Antiemetic Agents

Fig. 28.1
5-hydroxytryptamine3 (5-HT3) receptor antagonists Thompson [22]

Serotonin released from enterochromaffin cells of the small intestinal mucosa binds to the 5-hydroxytryptamine type 3 (5-HT3) in the CTZ. Most of the 5-HT3 blockers (ondansetron, granisetron) competitively antagonize these receptors and receptors in the gut [6]. The newest 5-HT3 antagonist (palonosetron) allosterically binds and causes downregulation of this type of serotonin receptor, possibly contributing to its long half-life [7]. It may also inhibit the emetic response caused by substance P, a characteristic shared by the NK1 receptor antagonists [8]. In a recent study, it was shown to be as effective as other 5-HT3 blockers plus dexamethasone and more effective than the others alone [9].


Dexamethasone and other corticosteroids stabilize liposomal membranes and interfere with the synthesis of prostaglandins [10].



While there are many anticholinergic agents, only scopolamine is used in the prevention of PONV by inhibiting the binding of acetylcholine in the vestibular system [11] and the cortex and pons [12]. It is available in IV or transdermal formulations. It has been shown to be effective across a wide range of surgery times as a preventative agent as opposed to a rescue medication. Additionally, patients receiving this antiemetic reported much higher satisfaction scores than those in other treatment groups despite a high incidence of side effects [13].

Substance P Receptor (NK1) Antagonists

Aprepitant has been found to be more effective than ondansetron at preventing PONV in the perioperative period [14]. It has been found to exert its effects via a final, more common pathway of the emetic centers after crossing the blood-brain barrier [15]. In fact, there were no improved outcomes when scopolamine and aprepitant were combined [16]. However, it has not led to complete abolishment of nausea, so other mechanisms may be involved.

Dopamine Antagonists

Droperidol and promethazine block the effects of dopamine on the CTZ, and promethazine has additional histamine-blocking properties [17].

Indications/Clinical Pearls

  • Le and Gan have developed an algorithm for the prevention of PONV based on risk factors. Risk factors include female sex, nonsmoker, having a history of motion sickness or PONV, and the use of opioids. For 0–1 risk factors, no antiemetics are recommended. For 2–3 risk factors, give one or two antiemetics, and if four or more risk factors are present, consider two or more antiemetics. TIVA can be used in place of one antiemetic [18] (See Fig. 28.2).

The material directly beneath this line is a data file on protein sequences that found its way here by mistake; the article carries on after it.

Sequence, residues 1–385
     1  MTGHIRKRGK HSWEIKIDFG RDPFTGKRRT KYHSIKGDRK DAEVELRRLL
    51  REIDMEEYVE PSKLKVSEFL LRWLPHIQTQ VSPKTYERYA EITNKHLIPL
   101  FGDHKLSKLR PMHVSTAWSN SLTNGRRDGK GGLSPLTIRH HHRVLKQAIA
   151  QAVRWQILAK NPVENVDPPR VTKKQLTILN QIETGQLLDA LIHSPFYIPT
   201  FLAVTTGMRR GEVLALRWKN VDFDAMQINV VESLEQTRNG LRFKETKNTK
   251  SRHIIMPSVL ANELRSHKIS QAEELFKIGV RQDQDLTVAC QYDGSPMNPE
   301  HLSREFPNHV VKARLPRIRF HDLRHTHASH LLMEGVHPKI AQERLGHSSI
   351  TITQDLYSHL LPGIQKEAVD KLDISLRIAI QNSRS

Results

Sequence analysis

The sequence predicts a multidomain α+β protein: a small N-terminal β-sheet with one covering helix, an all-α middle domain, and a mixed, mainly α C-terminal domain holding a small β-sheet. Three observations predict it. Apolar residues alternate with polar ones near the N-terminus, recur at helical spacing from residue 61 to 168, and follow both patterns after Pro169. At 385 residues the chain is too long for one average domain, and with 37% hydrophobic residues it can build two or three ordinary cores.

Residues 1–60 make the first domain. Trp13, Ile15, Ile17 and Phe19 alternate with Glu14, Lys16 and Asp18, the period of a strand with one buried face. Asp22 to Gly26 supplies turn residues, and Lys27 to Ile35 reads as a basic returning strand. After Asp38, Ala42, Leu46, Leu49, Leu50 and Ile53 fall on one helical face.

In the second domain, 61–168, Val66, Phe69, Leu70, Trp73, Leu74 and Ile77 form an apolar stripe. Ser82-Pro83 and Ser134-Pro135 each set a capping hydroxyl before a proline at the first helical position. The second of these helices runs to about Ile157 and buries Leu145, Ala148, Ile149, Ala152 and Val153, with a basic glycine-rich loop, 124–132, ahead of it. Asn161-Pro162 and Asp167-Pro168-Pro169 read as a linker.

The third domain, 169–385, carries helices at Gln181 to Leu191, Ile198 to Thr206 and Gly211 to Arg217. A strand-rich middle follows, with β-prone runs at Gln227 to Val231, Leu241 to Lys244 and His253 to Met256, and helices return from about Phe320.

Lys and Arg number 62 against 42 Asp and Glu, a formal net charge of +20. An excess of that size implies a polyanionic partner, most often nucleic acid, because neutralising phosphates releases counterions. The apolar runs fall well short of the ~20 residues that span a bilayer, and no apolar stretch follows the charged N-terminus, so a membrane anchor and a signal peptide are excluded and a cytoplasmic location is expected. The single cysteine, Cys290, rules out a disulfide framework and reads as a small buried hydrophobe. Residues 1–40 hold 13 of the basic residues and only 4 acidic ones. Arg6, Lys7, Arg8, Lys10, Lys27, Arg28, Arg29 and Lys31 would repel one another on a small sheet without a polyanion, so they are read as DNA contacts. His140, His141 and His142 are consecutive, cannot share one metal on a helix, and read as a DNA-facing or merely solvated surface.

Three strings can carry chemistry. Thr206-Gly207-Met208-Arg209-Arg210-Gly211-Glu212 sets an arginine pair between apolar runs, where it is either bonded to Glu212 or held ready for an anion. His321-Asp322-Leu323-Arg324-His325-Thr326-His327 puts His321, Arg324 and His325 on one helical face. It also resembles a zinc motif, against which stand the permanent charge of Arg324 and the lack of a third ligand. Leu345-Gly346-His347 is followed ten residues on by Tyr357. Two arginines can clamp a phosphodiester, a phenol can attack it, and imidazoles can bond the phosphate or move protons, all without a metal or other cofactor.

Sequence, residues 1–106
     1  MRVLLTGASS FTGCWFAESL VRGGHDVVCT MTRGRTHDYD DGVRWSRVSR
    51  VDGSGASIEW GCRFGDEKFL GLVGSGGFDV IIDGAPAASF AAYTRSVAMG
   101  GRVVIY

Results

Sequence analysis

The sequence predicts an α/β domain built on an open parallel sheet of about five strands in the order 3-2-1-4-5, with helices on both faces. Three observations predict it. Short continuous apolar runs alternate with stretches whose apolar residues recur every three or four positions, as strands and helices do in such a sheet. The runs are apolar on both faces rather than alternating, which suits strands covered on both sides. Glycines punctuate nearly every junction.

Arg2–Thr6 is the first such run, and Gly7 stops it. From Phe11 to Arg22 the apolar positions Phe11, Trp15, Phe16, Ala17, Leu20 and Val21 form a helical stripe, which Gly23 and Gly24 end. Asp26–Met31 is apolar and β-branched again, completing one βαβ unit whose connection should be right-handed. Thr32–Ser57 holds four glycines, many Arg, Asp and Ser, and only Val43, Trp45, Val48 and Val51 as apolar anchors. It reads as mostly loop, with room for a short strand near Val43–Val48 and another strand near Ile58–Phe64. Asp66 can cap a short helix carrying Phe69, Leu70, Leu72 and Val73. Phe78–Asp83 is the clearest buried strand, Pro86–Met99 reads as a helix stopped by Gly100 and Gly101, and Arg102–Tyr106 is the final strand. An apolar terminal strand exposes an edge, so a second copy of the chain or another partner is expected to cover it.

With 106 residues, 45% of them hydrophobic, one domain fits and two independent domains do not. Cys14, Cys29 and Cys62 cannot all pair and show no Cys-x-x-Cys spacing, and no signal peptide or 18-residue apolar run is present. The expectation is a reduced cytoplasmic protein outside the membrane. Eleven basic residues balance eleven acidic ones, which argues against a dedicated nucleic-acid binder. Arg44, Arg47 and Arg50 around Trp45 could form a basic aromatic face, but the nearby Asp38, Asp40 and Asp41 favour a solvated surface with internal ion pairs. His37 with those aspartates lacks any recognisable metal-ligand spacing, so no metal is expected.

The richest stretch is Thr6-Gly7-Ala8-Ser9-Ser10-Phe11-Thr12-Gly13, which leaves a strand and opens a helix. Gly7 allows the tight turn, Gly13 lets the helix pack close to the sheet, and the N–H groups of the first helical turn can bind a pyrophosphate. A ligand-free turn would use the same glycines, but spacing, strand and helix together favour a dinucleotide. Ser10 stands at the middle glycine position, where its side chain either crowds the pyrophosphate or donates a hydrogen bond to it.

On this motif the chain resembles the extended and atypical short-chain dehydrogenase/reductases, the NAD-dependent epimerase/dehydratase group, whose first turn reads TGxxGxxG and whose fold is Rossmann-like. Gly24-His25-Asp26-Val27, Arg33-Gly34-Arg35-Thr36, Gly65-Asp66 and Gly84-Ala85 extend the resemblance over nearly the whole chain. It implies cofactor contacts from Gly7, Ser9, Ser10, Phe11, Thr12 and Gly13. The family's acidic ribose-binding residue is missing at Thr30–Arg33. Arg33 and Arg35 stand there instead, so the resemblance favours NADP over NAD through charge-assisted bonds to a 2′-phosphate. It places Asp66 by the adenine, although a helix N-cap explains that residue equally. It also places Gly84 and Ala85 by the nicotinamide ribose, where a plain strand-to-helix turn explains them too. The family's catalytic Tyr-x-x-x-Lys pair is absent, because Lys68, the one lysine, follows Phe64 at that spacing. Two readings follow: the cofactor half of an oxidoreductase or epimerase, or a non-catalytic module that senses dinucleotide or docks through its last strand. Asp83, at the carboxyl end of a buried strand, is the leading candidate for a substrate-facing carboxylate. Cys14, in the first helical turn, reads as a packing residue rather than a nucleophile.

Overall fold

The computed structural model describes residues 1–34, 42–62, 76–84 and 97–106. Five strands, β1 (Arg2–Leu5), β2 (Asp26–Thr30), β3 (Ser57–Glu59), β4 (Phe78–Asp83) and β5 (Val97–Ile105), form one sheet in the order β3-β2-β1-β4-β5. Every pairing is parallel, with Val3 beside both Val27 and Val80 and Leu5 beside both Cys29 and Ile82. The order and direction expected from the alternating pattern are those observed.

Fig. 28.2
    A clinical decision algorithm for the prevention and treatment of postoperative nausea and vomiting (PONV) Le and Gan [18]

  • As mentioned, alcohol has been shown to be effective in the clinical setting. Owing to its parasympathetic mediation, nausea can be rapidly treated successfully with two alcohol pads in each nostril with four deep breaths through the nose. The mechanism is believed to be the noxious smell creating a sympathetic overdrive response, and it should be seen within 30 s to a minute.

Dosing Options [17]

Ondansetron should be given in 4 mg doses. Dexamethasone should be administered at a dose of 8 mg [17] and it should be given at least 2 h prior to the end of surgery [19]. Scopolamine transdermal patch (1.5 mg) should be applied the night before surgery and removed 24 h after surgery. Aprepitant should be given in a dose of 40 mg [14]. Droperidol should be administered in a dose of 0.625 mg.

Drug Interactions (Package Inserts)

Ondansetron should not be given with apomorphine or any agent that prolongs QTc. Dexamethasone has no interaction with commonly used operating room drugs. Scopolamine levels may be increased by ipratropium, magnesium sulfate, and droperidol. Aprepitant may increase the levels of corticosteroids. Droperidol should not be given with MAO inhibitors or other agents that prolong the QTc.

Side Effects/Black Box Warnings

Headaches and constipation are the most common side effects associated with ondansetron, and it has a black box warning for QTc prolongation, most commonly associated with high doses. Dexamethasone has many side effects, but rarely are any of them a concern with a single injection with the exception of perineal burning after rapid IV injection [20]. Aprepitant is associated with fatigue, constipation, weakness, and hiccups. Droperidol was issued a block box warning for prolonged QT syndrome. However, this is rarely seen in the low doses used to prevent PONV [21].


PONV is a frequent problem that rarely leads to hospital admission. Most of the antiemetics today are inexpensive and have a very favorable side effect profile. All classes of antiemetics have been shown to be somewhat efficacious, but much of the data is contradictory given the complex nature of PONV. Nausea and emesis are multifactorial, and, therefore, no one agent is likely to prevent PONV in all patients. A large number of patients need to be studied to best sort out individual variables. Identifying patients who are at high risk and giving appropriate preventative antiemetics can decrease PACU stays and increase patient comfort.

Sep 18, 2016 | Posted by in ANESTHESIA | Comments Off on Antiemetic Agents
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